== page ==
This multi-pronged approach illustrates how high the stakes are for the district, which aims to raise $272 million to prevent an even more dire financial situation.

The district first announced plans to ask voters for nearly $1 billion from taxpayers 10 months ago. Since then, the request was cut down, then the vote was delayed to rally more support. The district ultimately came to a final reduced request, which appears to be more palatable to community leaders and has won the support of the Indy Chamber. There is no organized opposition to the referendums, and a previous critic, the MIBOR Realtor Association, now supports them.

But the district ultimately needs the support of voters in addition to power brokers. The key to a successful referendum campaign is reaching out to both hyper-engaged voters and those who are less tuned in to local issues, said Andrew Downs, an associate professor of political science at Purdue University Fort Wayne.

When Ferebee presented last Tuesday to the Rotary Club of Indianapolis, for example, he was reaching members of the community who will likely tell friends and neighbors about the referendums, said Downs.

“They’re voters who will reach out to other people,” he said. “They are voters who typically have a network that will be activated in this case in support of the referendums.”

During the campaign for the planned May referendums, district leaders were juggling other initiatives that drew attention from the tax measures. But Ferebee is now front and center in the effort to win over voters. In a crowded banquet hall last week, Ferebee made the case for increasing funding to a group of Rotarians who appeared largely sympathetic. His low-key jokes drew friendly laughter. But the core of his argument was that the district needs more money to pay for safety improvements at schools and increase teacher pay.

When teacher pay is low, Ferebee said, the district struggles to retain and recruit teachers. It’s forced to rely on substitutes, and students suffer. “We know that our educators are so impactful in our lives,” he said. “We’ve got to do better with compensating them accordingly.”

The hard-won endorsement of the chamber has also gotten some voters’ attention. Tom Schneider, who works for Alpha Tau Omega National Fraternity, did not closely follow the referendums in the early months of the campaign. But as a chamber member, Schneider has learned more about it recently, and he has become an advocate.

“I’m really glad the chamber and the school district got together, they talked about it, and they figured out something that would work,” said Schneider, who rents downtown.

However, after months of political jockeying over the price tag, both behind closed doors and in the media, some voters have concerns over how much the request has changed and whether the district has shown that it needs the money.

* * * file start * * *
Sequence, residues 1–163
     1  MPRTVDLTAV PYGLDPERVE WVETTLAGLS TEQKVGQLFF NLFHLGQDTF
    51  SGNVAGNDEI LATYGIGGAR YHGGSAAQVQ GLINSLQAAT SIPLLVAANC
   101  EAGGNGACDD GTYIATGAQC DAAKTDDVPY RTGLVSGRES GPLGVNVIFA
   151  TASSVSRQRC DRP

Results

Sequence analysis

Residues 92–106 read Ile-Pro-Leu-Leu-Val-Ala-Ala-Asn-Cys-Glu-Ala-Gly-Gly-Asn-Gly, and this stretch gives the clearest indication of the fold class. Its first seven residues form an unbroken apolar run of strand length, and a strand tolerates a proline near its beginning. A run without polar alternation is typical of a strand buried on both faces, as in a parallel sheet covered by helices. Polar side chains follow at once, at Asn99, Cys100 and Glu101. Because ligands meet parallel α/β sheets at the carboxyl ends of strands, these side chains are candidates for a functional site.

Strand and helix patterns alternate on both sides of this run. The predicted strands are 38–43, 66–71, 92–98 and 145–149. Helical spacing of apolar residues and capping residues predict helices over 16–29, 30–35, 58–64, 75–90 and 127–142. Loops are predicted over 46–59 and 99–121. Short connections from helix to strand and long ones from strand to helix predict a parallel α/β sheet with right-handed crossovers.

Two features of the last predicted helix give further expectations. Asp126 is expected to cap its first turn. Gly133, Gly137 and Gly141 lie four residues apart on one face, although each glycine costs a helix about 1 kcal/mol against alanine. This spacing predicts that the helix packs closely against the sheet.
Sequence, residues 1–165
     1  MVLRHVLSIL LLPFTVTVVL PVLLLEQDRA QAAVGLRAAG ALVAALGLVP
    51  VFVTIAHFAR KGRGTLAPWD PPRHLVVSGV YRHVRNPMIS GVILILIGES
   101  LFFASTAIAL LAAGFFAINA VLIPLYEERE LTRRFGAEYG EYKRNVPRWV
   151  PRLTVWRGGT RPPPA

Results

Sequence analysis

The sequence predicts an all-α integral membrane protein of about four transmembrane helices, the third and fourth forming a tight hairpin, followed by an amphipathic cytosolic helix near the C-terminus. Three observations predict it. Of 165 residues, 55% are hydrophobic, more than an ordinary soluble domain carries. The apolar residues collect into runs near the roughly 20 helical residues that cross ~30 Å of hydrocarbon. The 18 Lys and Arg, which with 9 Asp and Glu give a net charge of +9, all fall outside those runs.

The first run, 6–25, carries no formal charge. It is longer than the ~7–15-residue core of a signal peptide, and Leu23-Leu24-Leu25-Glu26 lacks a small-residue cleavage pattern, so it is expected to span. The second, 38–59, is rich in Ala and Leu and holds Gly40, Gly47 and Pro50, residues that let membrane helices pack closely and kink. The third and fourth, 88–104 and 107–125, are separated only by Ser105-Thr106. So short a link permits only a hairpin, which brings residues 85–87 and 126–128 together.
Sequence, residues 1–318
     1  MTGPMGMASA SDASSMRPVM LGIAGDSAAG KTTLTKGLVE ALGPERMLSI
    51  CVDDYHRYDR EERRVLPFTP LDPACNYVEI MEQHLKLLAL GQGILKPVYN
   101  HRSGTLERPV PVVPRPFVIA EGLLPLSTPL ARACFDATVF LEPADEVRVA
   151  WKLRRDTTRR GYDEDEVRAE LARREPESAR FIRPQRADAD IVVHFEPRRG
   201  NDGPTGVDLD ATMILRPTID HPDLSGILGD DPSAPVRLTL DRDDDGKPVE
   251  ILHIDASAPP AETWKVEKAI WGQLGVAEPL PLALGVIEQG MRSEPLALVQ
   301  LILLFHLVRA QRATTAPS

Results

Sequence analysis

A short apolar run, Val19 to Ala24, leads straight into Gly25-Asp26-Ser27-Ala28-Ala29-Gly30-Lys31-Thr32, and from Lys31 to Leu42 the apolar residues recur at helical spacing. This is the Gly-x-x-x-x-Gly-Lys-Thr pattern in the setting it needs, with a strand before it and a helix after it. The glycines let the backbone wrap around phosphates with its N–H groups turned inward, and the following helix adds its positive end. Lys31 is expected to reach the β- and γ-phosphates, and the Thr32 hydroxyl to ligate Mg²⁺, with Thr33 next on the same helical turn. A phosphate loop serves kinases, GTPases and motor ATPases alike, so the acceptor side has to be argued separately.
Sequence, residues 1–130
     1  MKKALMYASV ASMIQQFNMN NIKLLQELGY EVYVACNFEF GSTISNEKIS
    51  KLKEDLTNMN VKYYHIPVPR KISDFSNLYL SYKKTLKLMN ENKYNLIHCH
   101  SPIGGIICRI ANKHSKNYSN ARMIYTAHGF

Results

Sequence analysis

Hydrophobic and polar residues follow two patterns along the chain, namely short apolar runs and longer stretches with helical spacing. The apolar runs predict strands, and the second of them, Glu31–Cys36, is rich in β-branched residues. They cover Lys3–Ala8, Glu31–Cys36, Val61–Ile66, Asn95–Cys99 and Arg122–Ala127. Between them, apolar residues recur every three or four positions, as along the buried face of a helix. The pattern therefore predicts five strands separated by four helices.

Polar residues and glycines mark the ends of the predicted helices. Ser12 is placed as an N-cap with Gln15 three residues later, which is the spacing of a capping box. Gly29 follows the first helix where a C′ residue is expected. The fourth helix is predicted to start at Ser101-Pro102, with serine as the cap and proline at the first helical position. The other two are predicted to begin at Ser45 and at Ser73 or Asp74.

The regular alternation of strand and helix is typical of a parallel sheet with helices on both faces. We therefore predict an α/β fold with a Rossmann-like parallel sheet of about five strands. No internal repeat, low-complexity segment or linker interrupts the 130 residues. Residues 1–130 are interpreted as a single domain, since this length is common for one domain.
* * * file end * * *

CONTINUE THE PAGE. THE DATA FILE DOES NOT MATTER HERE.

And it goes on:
Jefferson Shreve, a Republican on the Indianapolis City-County Council, said that even the reduced request is a significant amount of money.

Shreve was appointed to fill a vacancy on the council just last week, and he said he will continue to learn more about the referendums. But Indianapolis Public Schools leaders need to show how they arrived at the final request and how they will use the money.

“If you’re a citizen, and you’re just trying to keep up with this from the sidelines, the number is jumping around by hundreds of millions of bucks,” said Shreve in a phone interview last week. “That just doesn’t instill a whole lot of confidence.”

Reaching people who aren’t involved in groups like Rotary, such as low-income voters who work hourly wage jobs or busy parents of young children, takes other campaign tactics, said Downs, the political scientist.

The Indianapolis effort will include radio ads and direct mail, organizers say. The campaign is also relying on door-to-door canvassing, which the group Stand for Children Indiana has already begun. On a Friday afternoon in early September, three canvassers from the group traversed a neighborhood near Crown Hill Cemetery, before their day was cut short by torrential rain.

When a campaign worker knocked on Michael Bateman’s door, his Maltese Shih Tzu burst into high pitched barks. Bateman, for his part, was friendly if skeptical as he stood on the porch in the misty rain.

Lexus Balanzar got straight to the point: Would Bateman be willing to increase his own property taxes to raise money for school security and higher pay for teachers? The tax hike would cost just $3 more per month for homes at the district’s median value, she said.

The taxes on his home were already unaffordable, Bateman, an Indianapolis public school parent and alumnus, said with a dry laugh. “But if it’s for the teachers raises — if we can guarantee that they are for the raises, yeah.”

It’s an argument that could have broad appeal. A recent poll from Ipsos/USA Today found that 59 percent of Americans do not believe teachers are paid fairly, and even more say teachers spend too much of their own money on supplies.

Most of the year, Stand works directly with parents by training them to advocate for their children. But when election season comes around, the group takes on another, controversial role. The local branch of a national organization, Stand has been influential in helping elect school board members who favor partnerships with charter school.

Vote Yes for IPS, a political action committee supporting the referendums, is leaning on Stand for canvassing because the group has roots in the community, said Robert Vane, the lead consultant for the PAC. “Quite frankly, it would be political malpractice not to partner with them when appropriate,” he said.

When it comes to the referendums, Stand’s support could prove pivotal to success. In addition to canvassing, Stand donated $100,000 to Vote Yes for IPS. Stand officials declined to say how much the group is spending on canvassing, but the group said that its spending would be included on the Vote Yes for IPS financial disclosures.

The group has about 20 full-time, paid canvassers across Indianapolis, said Joel Williams, the Stand field director. The canvassers will continue door knocking and performing voter outreach until Election Day.

“We work as much as we humanly can,” Williams added.